Richard Larter Stripperama no.3 1964 alkyd paint on composition board 91.5 x 122.0 cm Laverty collection, Sydney
Although Richard often took the photographs, Pat chose the poses, the theatrical personae, and the outfits (which she usually made herself). In the 1970s, when feminism was opening up many possibilities for women artists, Pat came into her own. In her work she relished sending up stereotypes, recognising that by taking control of representations of the body, issues of identity and sexuality could be critiqued and enjoyed and celebrated. Other artists who worked with Pat recall her humour and her fearlessness; her belief to ‘say it at it is’, not to cover things up. This attitude came through not only in her mail art but also in her film Men 1975 and her work with male and female models (shown at the Adelaide Biennial in 1996).
An important distinction between Pat’s and Richard’s ways of working is that while the performative photographs constituted her art they were often the source of the poses that he chose for his paintings. The films they collaborated on had a homemade quality that was very much part of the atmosphere of the 1970s. The fluid interplay between performance, film and aspects of home and family life also appears in some of Larter’s paintings, such as Yellow eye research where Pat is depicted as a woman confident in her own body alongside meticulously drawn fairytale images inspired by storybooks they read to their children. Larter has always seen drawing as an important basis for his paintings. In the 1950s, when he was still living in England, he took art classes at night at Toynbee Hall in London, where he drew from plaster casts. Perhaps surprisingly in the light of his later nudes, he was reluctant to progress to the life classes, believing that it was of the utmost importance to be able to attain a likeness.
Beyond these classes, his adult art training was limited. This aspect of being largely self-taught is significant to his highly experimental approach with an array of techniques. This included his discovery of the hypodermic syringe as a painting tool. In a ‘road to Damascus’ moment, he saw the syringes through the window of a medical supplies shop in Camden Town while waiting for the bus home and realised they would provide an excellent way of drawing with paint. His abilities in this regard shine in many works of the late 1950s and 1960s, including the intricate, colourful linearity in Stripperama no. 3. By the late 1960s he had stopped using the technique.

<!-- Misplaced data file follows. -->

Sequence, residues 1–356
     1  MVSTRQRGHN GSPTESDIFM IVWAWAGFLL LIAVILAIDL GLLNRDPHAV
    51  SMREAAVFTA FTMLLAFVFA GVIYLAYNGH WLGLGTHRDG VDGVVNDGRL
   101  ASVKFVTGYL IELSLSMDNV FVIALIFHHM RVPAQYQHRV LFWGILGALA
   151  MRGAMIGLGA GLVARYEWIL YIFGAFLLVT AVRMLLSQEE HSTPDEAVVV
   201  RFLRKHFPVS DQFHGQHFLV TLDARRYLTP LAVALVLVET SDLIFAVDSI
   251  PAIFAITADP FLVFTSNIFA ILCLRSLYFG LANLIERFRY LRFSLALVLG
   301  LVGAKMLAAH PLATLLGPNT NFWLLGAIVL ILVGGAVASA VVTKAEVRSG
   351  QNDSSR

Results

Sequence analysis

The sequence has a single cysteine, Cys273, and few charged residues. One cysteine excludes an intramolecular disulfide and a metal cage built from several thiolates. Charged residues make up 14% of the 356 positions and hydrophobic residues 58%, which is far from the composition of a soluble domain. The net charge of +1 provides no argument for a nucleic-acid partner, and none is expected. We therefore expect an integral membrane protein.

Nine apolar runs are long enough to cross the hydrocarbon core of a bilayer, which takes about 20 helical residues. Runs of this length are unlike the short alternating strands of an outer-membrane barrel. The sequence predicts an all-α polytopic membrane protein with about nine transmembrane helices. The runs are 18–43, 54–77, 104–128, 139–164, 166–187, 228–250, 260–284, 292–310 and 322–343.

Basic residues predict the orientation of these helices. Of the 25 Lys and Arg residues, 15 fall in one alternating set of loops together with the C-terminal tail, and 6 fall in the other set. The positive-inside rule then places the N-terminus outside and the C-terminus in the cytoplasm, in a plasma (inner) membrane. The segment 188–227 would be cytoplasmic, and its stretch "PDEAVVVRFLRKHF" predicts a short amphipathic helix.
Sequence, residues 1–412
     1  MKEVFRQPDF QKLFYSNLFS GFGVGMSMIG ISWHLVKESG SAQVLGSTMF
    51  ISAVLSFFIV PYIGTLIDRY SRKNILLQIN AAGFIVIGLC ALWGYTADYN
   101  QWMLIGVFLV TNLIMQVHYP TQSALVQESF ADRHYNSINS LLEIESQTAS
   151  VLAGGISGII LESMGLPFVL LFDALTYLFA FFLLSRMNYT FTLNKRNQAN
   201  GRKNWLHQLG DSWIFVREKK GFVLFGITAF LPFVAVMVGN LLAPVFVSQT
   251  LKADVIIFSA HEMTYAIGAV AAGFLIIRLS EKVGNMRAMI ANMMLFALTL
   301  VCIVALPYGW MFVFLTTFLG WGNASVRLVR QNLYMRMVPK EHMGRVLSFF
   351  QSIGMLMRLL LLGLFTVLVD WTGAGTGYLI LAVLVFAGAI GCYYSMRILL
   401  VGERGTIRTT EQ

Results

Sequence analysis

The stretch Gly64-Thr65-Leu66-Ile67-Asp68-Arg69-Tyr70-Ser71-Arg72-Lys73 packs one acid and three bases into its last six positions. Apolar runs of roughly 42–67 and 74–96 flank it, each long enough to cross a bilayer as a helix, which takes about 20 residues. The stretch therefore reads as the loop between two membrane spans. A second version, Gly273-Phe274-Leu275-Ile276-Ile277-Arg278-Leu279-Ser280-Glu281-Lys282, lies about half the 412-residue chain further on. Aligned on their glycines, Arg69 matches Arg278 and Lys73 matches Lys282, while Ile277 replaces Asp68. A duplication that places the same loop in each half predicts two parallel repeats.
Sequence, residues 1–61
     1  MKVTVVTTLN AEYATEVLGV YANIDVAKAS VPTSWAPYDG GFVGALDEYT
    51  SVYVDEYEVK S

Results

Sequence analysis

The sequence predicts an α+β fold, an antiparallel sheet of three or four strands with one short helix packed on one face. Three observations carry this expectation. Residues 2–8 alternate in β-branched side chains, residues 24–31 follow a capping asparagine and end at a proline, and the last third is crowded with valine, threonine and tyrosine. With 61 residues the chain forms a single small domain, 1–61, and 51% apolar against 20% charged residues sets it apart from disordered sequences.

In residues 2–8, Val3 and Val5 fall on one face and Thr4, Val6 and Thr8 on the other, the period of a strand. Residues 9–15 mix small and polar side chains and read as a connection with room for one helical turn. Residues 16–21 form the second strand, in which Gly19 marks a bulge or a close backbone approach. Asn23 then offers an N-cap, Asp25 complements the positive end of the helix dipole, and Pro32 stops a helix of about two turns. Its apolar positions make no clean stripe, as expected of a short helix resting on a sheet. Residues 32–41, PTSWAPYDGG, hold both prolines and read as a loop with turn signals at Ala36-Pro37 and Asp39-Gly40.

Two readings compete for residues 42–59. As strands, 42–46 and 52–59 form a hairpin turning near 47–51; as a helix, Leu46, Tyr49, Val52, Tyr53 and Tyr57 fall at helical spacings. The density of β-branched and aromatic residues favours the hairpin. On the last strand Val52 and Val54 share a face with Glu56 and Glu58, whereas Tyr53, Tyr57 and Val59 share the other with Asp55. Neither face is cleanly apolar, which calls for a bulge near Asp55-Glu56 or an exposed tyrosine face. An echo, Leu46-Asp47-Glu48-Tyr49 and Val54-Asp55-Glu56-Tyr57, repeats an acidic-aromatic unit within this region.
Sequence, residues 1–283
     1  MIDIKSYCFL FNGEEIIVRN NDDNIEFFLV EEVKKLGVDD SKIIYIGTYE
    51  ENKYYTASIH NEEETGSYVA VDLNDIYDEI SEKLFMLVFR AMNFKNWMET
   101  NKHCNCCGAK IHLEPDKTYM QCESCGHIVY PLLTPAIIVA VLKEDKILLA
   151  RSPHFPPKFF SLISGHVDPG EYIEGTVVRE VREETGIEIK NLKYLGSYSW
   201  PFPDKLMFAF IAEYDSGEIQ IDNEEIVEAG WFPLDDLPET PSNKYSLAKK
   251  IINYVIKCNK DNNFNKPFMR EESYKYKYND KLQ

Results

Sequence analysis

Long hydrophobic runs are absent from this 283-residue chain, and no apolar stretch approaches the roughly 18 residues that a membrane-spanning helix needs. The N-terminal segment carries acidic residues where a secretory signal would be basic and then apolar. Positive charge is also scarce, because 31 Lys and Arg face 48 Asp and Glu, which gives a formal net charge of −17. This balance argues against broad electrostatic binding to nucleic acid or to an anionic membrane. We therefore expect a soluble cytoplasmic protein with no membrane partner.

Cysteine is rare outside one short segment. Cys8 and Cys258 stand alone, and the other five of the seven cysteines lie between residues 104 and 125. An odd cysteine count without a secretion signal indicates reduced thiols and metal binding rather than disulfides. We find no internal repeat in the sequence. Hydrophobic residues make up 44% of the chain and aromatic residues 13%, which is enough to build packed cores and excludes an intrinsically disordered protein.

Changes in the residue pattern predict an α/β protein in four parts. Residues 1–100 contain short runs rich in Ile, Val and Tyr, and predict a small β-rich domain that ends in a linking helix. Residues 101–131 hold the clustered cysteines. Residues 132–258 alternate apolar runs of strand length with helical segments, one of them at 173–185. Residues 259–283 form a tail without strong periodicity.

Richard Larter Side thrust 1989 (detail) synthetic polymer paint on nine canvases 177.2 x 120.0 cm (each canvas) National Gallery of Australia
Early on in his artistic career Larter was fascinated by pointillism and refers to his seminal paintings as ‘pointillist abstracts’. His fascination with the fine dotting techniques of artists like Seurat and Signac, as well as their interest in the science and emotive resonances of colour, took on new life in his works such as the ravishing painting Exercise 1967. Here, dots of varied sizes flow in curvilinear patterns across the surface. They are layered over vertical bands of colour so pure and vibrant that the combined effect is to dazzle the eye and lift the spirits. Larter’s love of decorative patterning and luminous colour was also informed early in his artistic life by a visit he made to Algiers in 1951 where he was greatly inspired by Islamic art (something he shares with Henri Matisse whose work he admires).
Movement in Larter’s work is often associated with music. From the 1950s to the present, music has been an important aspect of his life and he often listens to music while he paints. The subjects in some of his major figurative paintings include portraits of musicians associated with pop and rock, like Elvis Presley and Mick Jagger. Compared with the strident nature of some of his figurative works, there is a lightness and lyricism, and a subtle use of colour in Swingalee no. 4 1986. The experimental nature of his painting techniques is again apparent in the small notations– like grace notes – applied by edgers used by house painters for the finer work. At the same time, there is a feeling of effortlessness in the way the rhythmic forms fan out and rotate and literally appear to swing.